This animal’s true name is the American bison, but most people call them buffalo. Bison are the largest terrestrial animal in North America. They can stand up to six feet (1.8 meters) tall. A male can weigh upwards of a ton (900 kilograms), and a female can weigh about 900 pounds (400 kilograms). Along with their formidable size, bison have several unique traits that help to identify them. One of the most noticeable is the hump on their shoulders. Another characteristic is their deep brown fur, which can grow very long, especially around the face and head. Bison also grow long beards and manes. The head of a bison is very large with a thick skull. Bison fight by crashing their heads or horns together. Both male and female bison have short, curved, black horns, which can grow to two feet (0.6 meters) long.
Before human intervention, bison once ranged over much of North America, including central Canada and most of the interior United States. The only places free of bison were along the coasts and deserts. Today bison are only wild in national parks, state parks, and reserves. Your best chance of seeing wild bison is to visit Yellowstone National Park in the USA or Wood Buffalo National Park in Canada. American bison like open plains, savannas, and grasslands. Despite their immense size, bison still have to worry about predators. Buffalo calves can easily become the prey of a wolf pack or grizzly bear.
I say to you today, my friends, so even though we face the difficulties of today and tomorrow, I still have a dream. It is a dream deeply rooted in the American dream. I have a dream that one day this nation will rise up and live out the true meaning of its creed: ‘We hold these truths to be self-evident: that all men are created equal.’ I have a dream that one day on the red hills of Georgia the sons of former slaves and the sons of former slave owners will be able to sit down together at the table of brotherhood. I have a dream that one day even the state of Mississippi, a state sweltering with the heat of injustice, sweltering with the heat of oppression, will be transformed into an oasis of freedom and justice. I have a dream that my four little children will one day live in a nation where they will not be judged by the color of their skin but by the content of their character. I have a dream today. I have a dream that one day, down in Alabama, with its vicious racists, with its governor having his lips dripping with the words of interposition and nullification; one day right there in Alabama, little black boys and black girls will be able to join hands with little white boys I have a dream today.and white girls as sisters and brothers.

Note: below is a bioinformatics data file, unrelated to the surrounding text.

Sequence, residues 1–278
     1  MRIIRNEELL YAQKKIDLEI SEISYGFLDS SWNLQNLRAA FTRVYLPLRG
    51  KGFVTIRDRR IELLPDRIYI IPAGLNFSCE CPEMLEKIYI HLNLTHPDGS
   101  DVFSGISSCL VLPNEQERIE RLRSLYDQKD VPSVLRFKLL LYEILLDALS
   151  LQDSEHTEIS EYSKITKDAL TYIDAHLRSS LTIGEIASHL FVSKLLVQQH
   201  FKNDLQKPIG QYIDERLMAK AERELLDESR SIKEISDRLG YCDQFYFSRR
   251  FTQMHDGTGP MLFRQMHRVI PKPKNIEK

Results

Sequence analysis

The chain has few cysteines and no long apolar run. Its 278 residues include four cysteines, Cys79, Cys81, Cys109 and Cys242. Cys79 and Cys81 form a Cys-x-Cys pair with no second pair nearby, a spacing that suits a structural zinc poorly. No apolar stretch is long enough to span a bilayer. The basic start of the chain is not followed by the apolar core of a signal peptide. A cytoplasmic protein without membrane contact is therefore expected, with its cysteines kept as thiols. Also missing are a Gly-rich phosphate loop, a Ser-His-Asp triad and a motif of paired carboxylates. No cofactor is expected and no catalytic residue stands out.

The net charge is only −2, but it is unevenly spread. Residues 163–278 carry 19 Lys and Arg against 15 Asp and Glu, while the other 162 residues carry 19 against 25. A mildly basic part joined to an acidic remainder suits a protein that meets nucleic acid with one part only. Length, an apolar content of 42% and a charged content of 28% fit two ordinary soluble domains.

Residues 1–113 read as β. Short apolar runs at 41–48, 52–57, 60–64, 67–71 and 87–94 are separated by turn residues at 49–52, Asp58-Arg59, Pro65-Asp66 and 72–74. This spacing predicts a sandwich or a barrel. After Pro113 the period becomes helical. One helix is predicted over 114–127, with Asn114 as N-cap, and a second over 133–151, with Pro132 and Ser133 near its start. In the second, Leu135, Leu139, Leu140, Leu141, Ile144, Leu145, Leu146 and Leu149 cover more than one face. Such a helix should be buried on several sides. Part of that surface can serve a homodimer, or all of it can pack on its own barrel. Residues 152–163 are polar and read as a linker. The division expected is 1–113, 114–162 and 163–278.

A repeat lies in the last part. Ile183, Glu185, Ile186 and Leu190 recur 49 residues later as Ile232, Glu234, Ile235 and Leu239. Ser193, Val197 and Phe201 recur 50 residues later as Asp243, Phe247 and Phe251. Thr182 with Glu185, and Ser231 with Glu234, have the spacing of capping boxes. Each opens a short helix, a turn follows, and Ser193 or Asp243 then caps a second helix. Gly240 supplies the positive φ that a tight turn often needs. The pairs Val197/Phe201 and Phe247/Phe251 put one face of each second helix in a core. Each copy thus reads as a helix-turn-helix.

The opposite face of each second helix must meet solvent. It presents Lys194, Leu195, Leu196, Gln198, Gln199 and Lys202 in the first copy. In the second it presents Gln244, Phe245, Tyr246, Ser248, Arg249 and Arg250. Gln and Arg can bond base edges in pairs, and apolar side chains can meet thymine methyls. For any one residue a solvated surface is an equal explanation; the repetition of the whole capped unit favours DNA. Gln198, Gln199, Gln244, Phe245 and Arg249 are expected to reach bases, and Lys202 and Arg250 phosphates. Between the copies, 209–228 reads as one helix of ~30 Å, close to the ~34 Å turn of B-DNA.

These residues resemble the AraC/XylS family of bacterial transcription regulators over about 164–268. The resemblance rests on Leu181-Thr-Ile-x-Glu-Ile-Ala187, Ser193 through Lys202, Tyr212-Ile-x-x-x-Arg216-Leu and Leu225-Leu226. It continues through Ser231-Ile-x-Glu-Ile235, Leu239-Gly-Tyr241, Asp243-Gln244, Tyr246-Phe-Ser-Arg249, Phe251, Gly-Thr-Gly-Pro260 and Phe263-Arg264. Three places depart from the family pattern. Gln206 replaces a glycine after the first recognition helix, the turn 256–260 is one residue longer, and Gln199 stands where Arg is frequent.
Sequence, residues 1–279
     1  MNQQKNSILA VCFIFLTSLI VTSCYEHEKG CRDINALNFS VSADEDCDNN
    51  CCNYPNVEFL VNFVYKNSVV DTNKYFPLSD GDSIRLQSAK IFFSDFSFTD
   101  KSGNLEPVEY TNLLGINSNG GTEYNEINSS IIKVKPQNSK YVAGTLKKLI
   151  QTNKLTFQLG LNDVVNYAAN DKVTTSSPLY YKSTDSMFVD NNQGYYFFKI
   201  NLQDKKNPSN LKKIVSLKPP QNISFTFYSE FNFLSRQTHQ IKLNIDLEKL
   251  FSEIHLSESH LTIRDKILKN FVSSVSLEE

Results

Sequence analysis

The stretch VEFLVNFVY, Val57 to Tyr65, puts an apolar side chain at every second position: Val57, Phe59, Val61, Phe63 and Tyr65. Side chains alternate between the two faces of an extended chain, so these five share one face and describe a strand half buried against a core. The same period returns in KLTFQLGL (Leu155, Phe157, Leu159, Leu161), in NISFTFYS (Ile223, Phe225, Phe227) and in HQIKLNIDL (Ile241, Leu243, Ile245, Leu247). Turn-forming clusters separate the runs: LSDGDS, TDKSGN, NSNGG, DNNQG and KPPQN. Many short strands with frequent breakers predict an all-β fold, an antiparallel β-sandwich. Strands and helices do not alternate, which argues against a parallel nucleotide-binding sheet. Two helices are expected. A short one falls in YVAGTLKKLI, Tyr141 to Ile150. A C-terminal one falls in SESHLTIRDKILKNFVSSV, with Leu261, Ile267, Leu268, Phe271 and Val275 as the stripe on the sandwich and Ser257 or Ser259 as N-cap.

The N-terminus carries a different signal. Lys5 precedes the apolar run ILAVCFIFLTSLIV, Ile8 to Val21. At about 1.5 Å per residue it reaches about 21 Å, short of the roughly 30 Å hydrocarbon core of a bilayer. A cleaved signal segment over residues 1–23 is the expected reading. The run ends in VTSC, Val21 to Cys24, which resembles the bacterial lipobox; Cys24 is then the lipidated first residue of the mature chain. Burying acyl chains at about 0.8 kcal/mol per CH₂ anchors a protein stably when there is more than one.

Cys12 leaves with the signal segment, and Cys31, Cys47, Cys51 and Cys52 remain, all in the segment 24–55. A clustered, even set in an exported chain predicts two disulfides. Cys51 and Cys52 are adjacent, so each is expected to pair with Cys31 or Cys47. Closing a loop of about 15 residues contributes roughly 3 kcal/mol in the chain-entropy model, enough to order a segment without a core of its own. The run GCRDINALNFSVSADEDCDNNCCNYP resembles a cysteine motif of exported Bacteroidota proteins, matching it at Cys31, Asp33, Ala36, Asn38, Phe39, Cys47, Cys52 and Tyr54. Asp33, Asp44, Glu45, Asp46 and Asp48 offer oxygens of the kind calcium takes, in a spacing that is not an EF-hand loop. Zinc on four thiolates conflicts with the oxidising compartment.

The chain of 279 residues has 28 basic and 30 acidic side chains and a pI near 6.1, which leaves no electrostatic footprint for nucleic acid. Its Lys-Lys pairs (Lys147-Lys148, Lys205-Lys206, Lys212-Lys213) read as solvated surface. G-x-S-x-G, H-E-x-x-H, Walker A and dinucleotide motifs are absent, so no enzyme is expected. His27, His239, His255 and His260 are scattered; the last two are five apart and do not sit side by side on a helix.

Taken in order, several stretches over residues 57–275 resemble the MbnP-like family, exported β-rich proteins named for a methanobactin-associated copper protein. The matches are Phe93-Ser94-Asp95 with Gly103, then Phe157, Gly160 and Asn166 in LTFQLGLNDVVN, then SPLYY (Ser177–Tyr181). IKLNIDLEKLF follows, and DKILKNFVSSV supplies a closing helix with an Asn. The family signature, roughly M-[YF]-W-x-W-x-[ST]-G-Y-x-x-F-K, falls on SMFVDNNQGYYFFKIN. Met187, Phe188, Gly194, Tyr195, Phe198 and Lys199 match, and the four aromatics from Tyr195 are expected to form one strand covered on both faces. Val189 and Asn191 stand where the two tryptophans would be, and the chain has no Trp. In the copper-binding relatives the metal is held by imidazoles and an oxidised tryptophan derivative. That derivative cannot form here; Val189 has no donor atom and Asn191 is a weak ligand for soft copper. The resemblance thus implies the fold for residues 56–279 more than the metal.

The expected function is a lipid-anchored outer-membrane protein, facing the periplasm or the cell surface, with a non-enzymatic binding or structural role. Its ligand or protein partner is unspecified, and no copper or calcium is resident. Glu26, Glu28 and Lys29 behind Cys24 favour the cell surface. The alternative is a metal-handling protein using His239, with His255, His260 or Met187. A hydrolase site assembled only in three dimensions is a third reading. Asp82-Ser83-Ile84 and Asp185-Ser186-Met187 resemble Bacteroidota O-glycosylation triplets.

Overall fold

Martin Luther King, Jr. ~ Minister, Civil Rights Activist ~ Washington, D.C. 08-28-1963
In the Summer of 2017, we visited Niagara Falls to meet up with Kevin’s former High School friends. Kevin and I had our daughters with us, and Jackie had her daughter, born in the same months and year as Sara. Kevin, the girls, and I had a room at the now Niagara Inn (I can’t remember the old name of the motel. It is on my tongue, but I can’t spit it out.). Jackie, Lisa, and Bella visited us at the hotel after hanging out at Oppenheim Country Park. Sara and Bella were standing in the motel’s hallway. And all of a sudden, Jackie said: “Girls, stand right this way. I want to shoot a photo.” When I looked up, I started laughing and said: “That’s a re-enacted scene of Stephen King’s ‘The Shining’. Even the Exit sign fits perfectly into the picture.”
Now, Jackie sends us the photo on the yearly anniversary, reminding us we need to see them again in Niagara Falls. And I read this book for the second time after I read it first in the Winter of 2020. Thank goodness, we are only six hours instead of two-and-a-half days away from Niagara Falls, now. What a relaxing evening to laugh my butt off, when the book reminded me of the photo in Niagara Falls, again. 😂👭📚
At the turn of the century, this was the site of the Diamond Match Company. Scenic waterfalls are at the northwest end of the Park on the Eight Mile River. The Larkin Bridle Trail is nearby. Southford Falls was established as a state park in 1932 and has 169 acres.
Temperatures near the freezing point, a chilly wind, and some snowflakes won’t stop Kevin and me from a hike in January. We are good to go as long as we are bundled up and the trails are not icy. Last weekend, we decided we hike in Southford Falls State Park. Mainly, I wanted to see the falls close to the parking lot. But we went further down the trail before the fallen trees stopped us in our tracks. There we’ve noticed, bigger snowflakes coming down. Before it got too messy, Kevin and I went back up the trail. I captured a few more photos And then we warmed up in the car. Winter weather is cold in Connecticut. However, we don’t have to deal with the bugs in the Winter season.
The garden pansy (Viola ×wittrockiana) is a hybrid, one of whose parents is V. tricolor, which is a weed of European grainfields, the other parents being V. lutea and V. altaica. The tufted pansy, or horned viola (V. cornuta), is the parent of numerous forms of bedding pansies. The wild pansy (V. tricolor), also known as Johnny-jump-up, heartsease, and love-in-idleness, has been widely naturalized in North America. The flowers of this form are usually purple and yellow and less than 2 cm (0.8 inches) across.
Male flame skimmers are known for their entirely red or dark orange body, which includes eyes, legs, and even wing veins. Females are usually a medium or darker brown with some thin, yellow markings. This type of skimmer varies in size but is generally measured between two and three inches long. These naiads are known for being rather large and chubby-looking due to their rounded abdomen. They are covered with hair but, unlike most young dragonflies, they lack hooks or spines.